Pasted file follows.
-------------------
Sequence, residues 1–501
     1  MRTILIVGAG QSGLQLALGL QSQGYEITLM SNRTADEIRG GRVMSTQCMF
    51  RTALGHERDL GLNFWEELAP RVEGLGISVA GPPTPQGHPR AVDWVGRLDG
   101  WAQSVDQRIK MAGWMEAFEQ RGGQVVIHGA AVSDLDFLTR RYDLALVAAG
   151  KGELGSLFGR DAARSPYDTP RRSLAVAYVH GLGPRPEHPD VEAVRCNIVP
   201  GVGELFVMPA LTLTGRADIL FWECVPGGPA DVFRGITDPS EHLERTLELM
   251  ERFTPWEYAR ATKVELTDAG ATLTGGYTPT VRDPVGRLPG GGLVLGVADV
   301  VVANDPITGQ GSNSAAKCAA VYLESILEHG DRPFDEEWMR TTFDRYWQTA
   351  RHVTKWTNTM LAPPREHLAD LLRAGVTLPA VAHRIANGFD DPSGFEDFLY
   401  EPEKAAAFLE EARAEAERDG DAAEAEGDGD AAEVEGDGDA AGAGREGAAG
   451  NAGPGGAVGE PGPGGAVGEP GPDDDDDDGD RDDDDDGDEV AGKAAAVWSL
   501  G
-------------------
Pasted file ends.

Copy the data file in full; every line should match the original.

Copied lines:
Sequence, residues 1–501
     1  MRTILIVGAG QSGLQLALGL QSQGYEITLM SNRTADEIRG GRVMSTQCMF
    51  RTALGHERDL GLNFWEELAP RVEGLGISVA GPPTPQGHPR AVDWVGRLDG
   101  WAQSVDQRIK MAGWMEAFEQ RGGQVVIHGA AVSDLDFLTR RYDLALVAAG
   151  KGELGSLFGR DAARSPYDTP RRSLAVAYVH GLGPRPEHPD VEAVRCNIVP
   201  GVGELFVMPA LTLTGRADIL FWECVPGGPA DVFRGITDPS EHLERTLELM
   251  ERFTPWEYAR ATKVELTDAG ATLTGGYTPT VRDPVGRLPG GGLVLGVADV
   301  VVANDPITGQ GSNSAAKCAA VYLESILEHG DRPFDEEWMR TTFDRYWQTA
   351  RHVTKWTNTM LAPPREHLAD LLRAGVTLPA VAHRIANGFD DPSGFEDFLY
   401  EPEKAAAFLE EARAEAERDG DAAEAEGDGD AAEVEGDGDA AGAGREGAAG
   451  NAGPGGAVGE PGPGGAVGEP GPDDDDDDGD RDDDDDGDEV AGKAAAVWSL
   501  G